The Guardian is to hire a former Daily Mail journalist who authored controversial stories about Jo Cox’s murder and Jeremy Corbyn’s political sympathies, Novara Media can reveal.
In an email sent to all editorial staff on Wednesday 2 February, editor-in-chief Katharine Viner announced that Emine Sinmaz would soon be joining the newspaper as a senior reporter, after spending over a decade at the Daily Mail.
A number of longtime Guardian editorial staff expressed consternation about the news to Novara Media, setting it in the context of a perceived rightward shift.
In November 2016, Sinmaz penned a report for the paper – her co-author Chris Greenwood is now head of media at the Metropolitan Police – speculating that Thomas Mair murdered Jo Cox because “he feared losing his home of 40 years to an immigrant family” and “believed the Labour MP would not help him”.
Yet it is a report from August 2018 for which Sinmaz is best known.
Entitled ‘Corbyn’s wreath at Munich terrorists’ graves’, the report refers to a visit the then Labour backbencher made to a Tunisian cemetery in 2014. There, the article says, Corbyn was seen holding a wreath near the graves of members of Black September, the Palestinian militant group responsible for the kidnap and murder of 11 Israeli athletes and coaches at the 1972 Munich Olympics. According to Corbyn and his spokespeople, the suggestion the Islington MP was at the cemetery to mourn those responsible for the Munich attack was fabricated.
On multiple occasions, Labour stated that Corbyn’s visit was to honour the 47 people killed in 1985 when the Israeli Air Force struck the Tunis headquarters of the Palestinian Liberation Organisation (PLO) – an attack so unjustified that the United Nations Security Council declared it a violation of the UN Charter, and said that Tunisia deserved reparations from Israel.
The original story started circulating as early as 2016, though only began gaining traction in May 2017 when versions of it appeared in the Sunday Times, the Telegraph and the Sun. Like many stories relating to Corbyn, it was repeatedly dredged up by editors hungry for dirt on the Labour leader. Sinmaz’s version offered to extend the story with on-the-ground reporting.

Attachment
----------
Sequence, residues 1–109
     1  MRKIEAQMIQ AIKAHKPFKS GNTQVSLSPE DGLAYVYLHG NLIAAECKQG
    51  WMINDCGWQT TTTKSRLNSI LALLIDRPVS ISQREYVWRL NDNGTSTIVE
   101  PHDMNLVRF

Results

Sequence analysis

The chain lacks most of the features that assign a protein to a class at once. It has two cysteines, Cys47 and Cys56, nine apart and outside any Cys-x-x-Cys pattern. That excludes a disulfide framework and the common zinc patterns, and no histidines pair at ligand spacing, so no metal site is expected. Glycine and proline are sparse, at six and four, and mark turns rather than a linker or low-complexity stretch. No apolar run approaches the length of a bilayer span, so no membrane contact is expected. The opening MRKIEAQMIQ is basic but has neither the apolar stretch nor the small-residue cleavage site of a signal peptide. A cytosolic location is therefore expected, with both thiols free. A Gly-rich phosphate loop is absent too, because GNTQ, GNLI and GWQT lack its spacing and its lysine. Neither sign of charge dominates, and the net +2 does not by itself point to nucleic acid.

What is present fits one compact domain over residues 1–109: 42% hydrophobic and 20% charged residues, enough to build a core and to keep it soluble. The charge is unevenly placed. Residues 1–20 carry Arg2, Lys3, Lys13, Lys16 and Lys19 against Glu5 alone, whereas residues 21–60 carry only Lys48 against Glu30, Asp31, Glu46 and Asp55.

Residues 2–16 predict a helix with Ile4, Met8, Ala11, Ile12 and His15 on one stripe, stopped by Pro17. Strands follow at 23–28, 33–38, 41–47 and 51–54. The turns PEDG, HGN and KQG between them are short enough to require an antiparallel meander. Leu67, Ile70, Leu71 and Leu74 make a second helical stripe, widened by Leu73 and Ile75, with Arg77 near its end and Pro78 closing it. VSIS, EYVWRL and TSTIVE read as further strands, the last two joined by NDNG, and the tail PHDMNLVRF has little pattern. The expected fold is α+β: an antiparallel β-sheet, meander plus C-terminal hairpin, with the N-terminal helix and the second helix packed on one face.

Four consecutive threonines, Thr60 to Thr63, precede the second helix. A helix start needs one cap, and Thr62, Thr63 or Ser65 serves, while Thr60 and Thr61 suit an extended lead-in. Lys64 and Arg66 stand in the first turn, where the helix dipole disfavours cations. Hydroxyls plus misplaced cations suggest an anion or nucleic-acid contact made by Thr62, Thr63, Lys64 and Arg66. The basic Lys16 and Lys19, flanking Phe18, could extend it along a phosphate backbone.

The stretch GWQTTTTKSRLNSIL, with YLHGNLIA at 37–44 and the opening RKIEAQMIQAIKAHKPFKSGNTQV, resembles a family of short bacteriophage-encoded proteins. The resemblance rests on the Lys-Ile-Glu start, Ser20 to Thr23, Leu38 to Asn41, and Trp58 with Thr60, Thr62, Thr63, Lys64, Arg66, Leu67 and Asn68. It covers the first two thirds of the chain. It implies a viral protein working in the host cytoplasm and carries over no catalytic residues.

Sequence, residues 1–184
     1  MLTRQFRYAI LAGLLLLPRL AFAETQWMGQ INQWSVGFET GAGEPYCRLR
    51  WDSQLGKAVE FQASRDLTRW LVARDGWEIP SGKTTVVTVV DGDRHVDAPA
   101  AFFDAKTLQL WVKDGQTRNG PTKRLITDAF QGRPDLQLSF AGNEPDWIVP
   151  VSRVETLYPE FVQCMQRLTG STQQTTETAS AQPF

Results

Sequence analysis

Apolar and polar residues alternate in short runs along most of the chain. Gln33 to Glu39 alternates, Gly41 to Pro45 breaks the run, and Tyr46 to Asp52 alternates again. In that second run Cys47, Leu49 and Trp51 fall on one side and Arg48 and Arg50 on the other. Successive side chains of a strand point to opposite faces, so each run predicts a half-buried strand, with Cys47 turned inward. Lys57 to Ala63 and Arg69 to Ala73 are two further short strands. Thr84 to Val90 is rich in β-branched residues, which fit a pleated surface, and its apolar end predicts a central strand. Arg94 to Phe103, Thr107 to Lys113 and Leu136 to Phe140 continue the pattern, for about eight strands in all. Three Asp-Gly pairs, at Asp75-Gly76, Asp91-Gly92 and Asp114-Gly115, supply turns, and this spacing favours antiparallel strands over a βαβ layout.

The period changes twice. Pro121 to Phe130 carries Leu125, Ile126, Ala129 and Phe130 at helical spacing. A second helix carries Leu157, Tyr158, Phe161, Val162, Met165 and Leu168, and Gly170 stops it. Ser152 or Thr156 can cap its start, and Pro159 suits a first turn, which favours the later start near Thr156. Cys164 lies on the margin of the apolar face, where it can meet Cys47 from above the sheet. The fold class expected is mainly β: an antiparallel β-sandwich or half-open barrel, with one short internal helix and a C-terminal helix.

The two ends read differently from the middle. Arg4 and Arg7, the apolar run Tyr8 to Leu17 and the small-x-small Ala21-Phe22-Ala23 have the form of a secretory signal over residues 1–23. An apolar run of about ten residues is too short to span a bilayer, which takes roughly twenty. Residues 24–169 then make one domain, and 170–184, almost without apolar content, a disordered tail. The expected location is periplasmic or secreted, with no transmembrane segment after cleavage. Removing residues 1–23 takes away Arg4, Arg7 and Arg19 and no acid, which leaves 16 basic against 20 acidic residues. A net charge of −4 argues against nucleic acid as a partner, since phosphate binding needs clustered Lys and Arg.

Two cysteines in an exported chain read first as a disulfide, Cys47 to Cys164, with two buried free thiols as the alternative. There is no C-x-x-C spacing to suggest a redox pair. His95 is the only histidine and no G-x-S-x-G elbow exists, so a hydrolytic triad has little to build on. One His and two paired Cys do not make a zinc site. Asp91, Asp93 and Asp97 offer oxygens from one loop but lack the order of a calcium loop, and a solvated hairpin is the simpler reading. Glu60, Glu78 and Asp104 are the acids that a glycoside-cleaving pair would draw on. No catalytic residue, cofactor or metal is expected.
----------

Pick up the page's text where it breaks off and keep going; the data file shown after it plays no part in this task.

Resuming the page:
For her report, Sinmaz was dispatched to Tunis, where she discovered that the monument to the 1985 attack was “15 yards from where Mr Corbyn is pictured”, and that Corbyn was pictured standing beside a plaque dedicated to three members of Black September.
The implication that Corbyn had been at the cemetery to commemorate the Munich massacre was forcefully rejected by Corbyn and his spokespeople, one of whom described the Mail article to Novara Media as “‘unbelievably dishonest”. The party complained to the Independent Press Standards Organisation about the incident, though later dropped the complaint.
Yet the damage was done. “It was one of those stories which took on a life of its own,” a source close to Corbyn told Novara Media. “It created an image of Jeremy Corbyn in people’s minds and was incredibly damaging to his personal reputation.” The story came to be routinely cited as evidence of Corbyn’s antisemitism and terrorist sympathies, and formed the basis of further splashes by Sinmaz.
Despite its widely questioned validity, the story is no source of embarrassment to Sinmaz: it features prominently on both her Twitter and LinkedIn profiles.